4 things you won’t find in psychotherapy (and why you need to know about them)
When a client comes to me for the very first time, I always ask about his/her expectations and how he/she imagines I can help. That’s a way for me to verify if the person knows what psychotherapy is and that he/she is ready to put time and effort into a hard work. Even if the outcome of this work could not be guaranteed, there are some preconditions that give pretty high chances to succeed. Trust, willingness to make change and readiness to put effort are the main ones. On the other hand some unrealistic expectations are, at least to me, a no-go for a therapy. They only make both the client and the therapist lose time and are source of frustrations. So before you consider going for therapy, check out the following few things that you won’t be able to find in the process.
Someone to always tell you, you are right
If you go to see a psychologist or a therapist, you should expect to be reassured and comforted. The whole process of “healing your soul” relies on the so called therapeutic alliance (or relationship) that is built on your trust and on the therapist’s acceptance, empathy, warmth and understanding, as well as on validating your feelings. But in most cases you suffer because you are also doing something wrong: ask yourself the wrong questions, burden yourself with responsibilities that are not yours, accept too many compromises or don’t accept any, deny problems, over interpret situations, refuse to let go and to forgive, just to mention a few.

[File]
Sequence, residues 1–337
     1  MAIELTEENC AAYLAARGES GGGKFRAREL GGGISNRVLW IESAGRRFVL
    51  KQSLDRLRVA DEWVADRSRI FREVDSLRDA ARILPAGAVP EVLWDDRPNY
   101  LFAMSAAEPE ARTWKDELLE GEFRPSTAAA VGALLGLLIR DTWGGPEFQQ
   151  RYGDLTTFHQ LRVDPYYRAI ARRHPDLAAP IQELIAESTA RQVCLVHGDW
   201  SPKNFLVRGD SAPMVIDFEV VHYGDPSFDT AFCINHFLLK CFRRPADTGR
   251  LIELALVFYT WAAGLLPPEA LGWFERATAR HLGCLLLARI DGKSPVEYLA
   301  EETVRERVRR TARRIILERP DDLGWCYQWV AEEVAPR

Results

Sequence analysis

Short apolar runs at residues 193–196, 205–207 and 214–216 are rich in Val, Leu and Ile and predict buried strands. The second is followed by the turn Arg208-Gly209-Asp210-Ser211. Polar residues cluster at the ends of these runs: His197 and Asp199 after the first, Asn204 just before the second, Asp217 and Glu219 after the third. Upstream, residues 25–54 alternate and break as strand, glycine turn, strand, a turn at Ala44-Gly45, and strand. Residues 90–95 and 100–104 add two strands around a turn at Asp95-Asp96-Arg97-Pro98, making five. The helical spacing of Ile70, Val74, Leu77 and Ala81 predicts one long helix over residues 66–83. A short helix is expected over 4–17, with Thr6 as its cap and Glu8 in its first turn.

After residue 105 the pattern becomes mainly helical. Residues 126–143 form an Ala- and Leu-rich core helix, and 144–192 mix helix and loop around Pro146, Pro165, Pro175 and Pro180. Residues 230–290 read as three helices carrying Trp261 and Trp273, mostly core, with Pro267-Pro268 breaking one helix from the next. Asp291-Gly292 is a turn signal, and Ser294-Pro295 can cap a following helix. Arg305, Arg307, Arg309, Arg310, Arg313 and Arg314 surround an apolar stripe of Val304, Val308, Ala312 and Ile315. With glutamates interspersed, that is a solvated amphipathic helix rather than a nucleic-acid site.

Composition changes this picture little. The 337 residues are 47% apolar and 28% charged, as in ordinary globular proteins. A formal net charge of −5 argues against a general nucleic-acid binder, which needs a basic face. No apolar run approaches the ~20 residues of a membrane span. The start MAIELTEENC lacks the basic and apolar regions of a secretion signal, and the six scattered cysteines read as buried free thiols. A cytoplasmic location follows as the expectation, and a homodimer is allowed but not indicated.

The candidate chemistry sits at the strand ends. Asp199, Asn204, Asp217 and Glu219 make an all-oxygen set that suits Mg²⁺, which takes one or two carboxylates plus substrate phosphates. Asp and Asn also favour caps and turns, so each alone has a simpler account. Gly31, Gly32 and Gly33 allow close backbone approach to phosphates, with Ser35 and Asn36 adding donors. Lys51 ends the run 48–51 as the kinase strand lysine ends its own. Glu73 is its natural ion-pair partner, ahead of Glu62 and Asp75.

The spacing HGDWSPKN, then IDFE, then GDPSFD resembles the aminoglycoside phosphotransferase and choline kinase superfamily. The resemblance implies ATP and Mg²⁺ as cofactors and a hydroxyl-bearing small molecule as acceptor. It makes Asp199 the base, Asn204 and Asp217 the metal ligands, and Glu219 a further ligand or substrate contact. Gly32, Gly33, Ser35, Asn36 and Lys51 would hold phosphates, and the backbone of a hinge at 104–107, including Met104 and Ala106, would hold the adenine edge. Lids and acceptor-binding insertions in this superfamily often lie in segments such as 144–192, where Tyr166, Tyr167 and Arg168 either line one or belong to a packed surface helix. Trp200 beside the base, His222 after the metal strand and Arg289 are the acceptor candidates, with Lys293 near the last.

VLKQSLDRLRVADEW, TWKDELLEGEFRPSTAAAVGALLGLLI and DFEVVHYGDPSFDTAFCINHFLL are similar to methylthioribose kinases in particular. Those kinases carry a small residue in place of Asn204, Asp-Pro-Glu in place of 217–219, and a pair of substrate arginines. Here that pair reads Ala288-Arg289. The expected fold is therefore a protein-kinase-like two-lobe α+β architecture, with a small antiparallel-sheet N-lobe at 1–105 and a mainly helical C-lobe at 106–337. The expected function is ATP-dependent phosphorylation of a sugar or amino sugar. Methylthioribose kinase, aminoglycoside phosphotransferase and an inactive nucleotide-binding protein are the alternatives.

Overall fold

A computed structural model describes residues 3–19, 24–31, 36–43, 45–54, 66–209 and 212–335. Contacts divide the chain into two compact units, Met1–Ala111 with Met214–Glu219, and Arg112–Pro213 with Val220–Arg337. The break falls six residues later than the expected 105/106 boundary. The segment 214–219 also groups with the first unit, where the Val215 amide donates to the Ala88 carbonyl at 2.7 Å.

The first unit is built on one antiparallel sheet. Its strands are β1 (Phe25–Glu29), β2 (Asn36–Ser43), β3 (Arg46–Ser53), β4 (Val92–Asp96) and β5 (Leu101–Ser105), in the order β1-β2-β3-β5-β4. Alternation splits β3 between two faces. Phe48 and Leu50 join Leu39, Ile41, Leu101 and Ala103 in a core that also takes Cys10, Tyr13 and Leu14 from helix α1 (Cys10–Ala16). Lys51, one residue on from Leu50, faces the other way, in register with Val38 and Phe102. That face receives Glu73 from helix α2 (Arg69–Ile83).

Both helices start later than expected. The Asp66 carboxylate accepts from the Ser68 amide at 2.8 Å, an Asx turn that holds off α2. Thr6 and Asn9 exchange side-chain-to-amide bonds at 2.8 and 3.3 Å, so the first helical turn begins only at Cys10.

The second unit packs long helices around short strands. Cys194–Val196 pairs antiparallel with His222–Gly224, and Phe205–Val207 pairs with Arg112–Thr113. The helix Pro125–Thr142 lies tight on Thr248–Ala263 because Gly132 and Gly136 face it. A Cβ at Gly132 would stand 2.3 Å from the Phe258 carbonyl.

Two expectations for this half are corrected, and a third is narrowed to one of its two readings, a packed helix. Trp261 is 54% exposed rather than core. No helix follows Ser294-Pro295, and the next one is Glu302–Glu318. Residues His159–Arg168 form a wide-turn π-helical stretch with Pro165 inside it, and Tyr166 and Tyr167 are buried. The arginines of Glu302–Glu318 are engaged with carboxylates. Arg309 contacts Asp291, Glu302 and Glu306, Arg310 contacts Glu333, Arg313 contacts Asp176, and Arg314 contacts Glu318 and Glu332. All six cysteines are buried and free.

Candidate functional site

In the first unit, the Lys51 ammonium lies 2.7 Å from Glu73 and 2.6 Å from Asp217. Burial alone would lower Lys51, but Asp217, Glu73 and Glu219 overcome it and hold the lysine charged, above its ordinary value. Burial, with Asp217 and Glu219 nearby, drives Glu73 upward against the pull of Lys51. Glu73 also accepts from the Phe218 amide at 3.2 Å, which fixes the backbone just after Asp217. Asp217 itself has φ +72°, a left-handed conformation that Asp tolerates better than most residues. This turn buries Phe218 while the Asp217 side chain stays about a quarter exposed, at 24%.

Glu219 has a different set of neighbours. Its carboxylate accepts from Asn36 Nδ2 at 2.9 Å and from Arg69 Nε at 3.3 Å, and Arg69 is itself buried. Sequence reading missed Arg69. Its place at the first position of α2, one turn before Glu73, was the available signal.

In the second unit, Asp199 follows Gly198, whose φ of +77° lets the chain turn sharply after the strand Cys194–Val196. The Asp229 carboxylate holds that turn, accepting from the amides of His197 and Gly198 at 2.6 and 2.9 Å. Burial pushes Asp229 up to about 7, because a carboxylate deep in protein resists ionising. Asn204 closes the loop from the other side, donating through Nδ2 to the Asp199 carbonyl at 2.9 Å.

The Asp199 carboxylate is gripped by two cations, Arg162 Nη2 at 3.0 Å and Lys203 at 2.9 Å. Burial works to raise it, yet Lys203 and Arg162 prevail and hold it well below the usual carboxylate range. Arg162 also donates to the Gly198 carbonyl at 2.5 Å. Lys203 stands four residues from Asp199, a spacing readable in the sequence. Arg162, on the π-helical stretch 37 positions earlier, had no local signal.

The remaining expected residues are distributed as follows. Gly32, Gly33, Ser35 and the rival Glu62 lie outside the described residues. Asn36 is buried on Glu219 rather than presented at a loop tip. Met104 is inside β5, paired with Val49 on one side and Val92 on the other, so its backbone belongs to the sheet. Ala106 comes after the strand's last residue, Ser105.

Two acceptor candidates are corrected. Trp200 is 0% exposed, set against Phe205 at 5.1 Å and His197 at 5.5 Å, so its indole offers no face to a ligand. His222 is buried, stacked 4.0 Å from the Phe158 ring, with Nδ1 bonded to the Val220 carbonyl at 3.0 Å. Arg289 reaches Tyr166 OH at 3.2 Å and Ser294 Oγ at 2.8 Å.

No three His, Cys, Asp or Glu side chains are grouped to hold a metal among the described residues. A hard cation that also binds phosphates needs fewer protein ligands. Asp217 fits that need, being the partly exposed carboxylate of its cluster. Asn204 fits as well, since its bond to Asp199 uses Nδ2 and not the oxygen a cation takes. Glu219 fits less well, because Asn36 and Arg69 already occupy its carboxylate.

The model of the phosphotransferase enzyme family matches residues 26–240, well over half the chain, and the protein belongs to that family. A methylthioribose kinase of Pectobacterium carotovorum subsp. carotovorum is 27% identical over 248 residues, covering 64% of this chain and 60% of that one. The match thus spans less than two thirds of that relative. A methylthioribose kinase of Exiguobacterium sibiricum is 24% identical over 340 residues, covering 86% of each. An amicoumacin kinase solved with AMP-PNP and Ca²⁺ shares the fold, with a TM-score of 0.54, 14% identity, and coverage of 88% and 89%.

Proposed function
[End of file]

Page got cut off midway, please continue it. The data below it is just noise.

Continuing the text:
As a client of mine once put it, “therapy is a great work on yourself that allows you to heal the wounds of the past and to improve.” But in order to do so, you have to be ready to face your ineffective ways of functioning, to be self-critical, opened up to new perspectives and willing to change some things. And how could you if you think you are always right?
Someone to tell you what to do
Many people go for therapy because they expect advice and guidance in a difficult life situation. It is indeed part of our work as psychologist to give clients guide lines and new ideas. However, a good therapist will never tell you what to do with your life. He/she will help you to figure it out by yourself. The truth is that if you take time to understand the difficulties you are facing, you’ll eventually find solutions. The neutral and objective view of a psychologist can help you consider your situation in a different perspective and find new lines of approach. He/she can share knowledge and experience that would give you insights on your struggle and on how to better face adversity. But the final decision to bring change in your life is yours and when you have made it, the therapist would guide and support you in the process of making it happen.
A complete change in personality